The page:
Why do we do this? Because whether they came to America from Greece or their parents did, Greeks are proud of their heritage and look forward to sharing it with others during the Jacksonville Greek Festival weekend. But there are a couple of other reasons we pull together to raise money during this annual event.
If you’ve ever noticed as you drive down Atlantic Boulevard, there is a beautiful white church — St. John the Divine is a Greek Orthodox Church, although many of our parishioners aren’t Greek but have converted to the faith. Our church has grown. Our pews are full. Our Sunday School classrooms are packed. And it’s time for us to break ground and build a bigger church on Beach Boulevard (coming in the summer of 2019). Proceeds of the Jacksonville Greek Festival support our new church home.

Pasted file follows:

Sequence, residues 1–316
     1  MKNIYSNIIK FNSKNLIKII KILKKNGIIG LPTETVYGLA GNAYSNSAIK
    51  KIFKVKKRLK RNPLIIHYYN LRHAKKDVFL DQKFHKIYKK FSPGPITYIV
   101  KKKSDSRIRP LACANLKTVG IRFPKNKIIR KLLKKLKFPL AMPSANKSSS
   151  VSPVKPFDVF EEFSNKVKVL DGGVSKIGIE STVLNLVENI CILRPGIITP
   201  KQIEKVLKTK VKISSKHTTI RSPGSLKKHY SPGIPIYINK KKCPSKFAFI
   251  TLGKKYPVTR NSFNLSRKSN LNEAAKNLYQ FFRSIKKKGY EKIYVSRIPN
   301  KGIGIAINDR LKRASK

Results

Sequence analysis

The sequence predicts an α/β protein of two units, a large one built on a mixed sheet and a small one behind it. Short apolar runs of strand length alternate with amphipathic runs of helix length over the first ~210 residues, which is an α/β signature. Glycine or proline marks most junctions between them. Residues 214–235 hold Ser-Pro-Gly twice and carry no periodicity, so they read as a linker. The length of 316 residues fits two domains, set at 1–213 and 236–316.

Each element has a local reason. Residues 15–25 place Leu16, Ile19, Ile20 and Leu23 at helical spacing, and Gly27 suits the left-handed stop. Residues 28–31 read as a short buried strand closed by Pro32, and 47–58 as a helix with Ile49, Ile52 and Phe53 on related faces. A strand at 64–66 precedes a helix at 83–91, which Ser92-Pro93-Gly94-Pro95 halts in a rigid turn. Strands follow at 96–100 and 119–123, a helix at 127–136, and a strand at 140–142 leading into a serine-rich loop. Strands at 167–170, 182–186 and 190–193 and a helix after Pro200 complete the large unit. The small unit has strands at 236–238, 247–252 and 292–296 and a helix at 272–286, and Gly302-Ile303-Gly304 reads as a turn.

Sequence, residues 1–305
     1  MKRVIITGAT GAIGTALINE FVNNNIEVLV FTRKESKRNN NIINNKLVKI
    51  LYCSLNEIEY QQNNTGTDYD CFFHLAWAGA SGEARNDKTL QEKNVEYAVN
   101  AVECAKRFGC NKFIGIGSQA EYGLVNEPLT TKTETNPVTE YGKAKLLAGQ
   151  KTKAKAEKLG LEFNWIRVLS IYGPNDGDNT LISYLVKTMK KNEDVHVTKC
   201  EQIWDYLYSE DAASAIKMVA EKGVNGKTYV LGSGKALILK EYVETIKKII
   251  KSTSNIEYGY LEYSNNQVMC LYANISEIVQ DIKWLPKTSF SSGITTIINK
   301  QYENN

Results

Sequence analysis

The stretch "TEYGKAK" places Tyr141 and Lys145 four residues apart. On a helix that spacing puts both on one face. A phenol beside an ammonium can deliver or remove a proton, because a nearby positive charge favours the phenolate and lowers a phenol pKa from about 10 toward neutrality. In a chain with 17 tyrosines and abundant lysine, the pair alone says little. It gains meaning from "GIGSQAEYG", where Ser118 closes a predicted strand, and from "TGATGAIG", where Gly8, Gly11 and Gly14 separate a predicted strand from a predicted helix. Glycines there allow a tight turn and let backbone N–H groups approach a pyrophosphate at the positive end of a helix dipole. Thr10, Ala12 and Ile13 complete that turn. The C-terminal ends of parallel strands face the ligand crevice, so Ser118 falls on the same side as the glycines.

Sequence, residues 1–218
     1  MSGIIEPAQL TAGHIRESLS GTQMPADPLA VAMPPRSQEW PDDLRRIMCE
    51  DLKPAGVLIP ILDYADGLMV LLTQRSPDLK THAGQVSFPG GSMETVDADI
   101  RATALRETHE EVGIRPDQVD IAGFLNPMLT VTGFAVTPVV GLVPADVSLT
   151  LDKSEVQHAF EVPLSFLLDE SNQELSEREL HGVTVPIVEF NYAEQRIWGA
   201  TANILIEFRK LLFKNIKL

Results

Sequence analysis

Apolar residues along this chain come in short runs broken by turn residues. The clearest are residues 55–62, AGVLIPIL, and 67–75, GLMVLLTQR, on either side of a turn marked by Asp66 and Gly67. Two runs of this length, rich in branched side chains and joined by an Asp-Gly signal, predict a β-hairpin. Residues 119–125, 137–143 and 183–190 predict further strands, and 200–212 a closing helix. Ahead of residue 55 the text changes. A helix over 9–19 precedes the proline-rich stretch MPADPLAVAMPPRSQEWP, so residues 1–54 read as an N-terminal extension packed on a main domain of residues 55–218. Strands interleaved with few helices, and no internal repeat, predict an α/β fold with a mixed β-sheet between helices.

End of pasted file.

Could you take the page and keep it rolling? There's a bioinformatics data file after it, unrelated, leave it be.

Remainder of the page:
A portion of the proceeds also benefit Wolfson Children’s Hospital, a wonderful place that provides exceptional care for children of our parish and their families.
I’m pretty sure we can all agree that our world is changing so quickly. After all, I never thought a digital personal assistant named “Alexa” would provide my parents with one more way to keep tabs on me. But as Greeks, we revel in our rich traditions that cause us to roll our eyes as children but fill our hearts as parents. And while we know that change is good, some things are just meant to stay the same.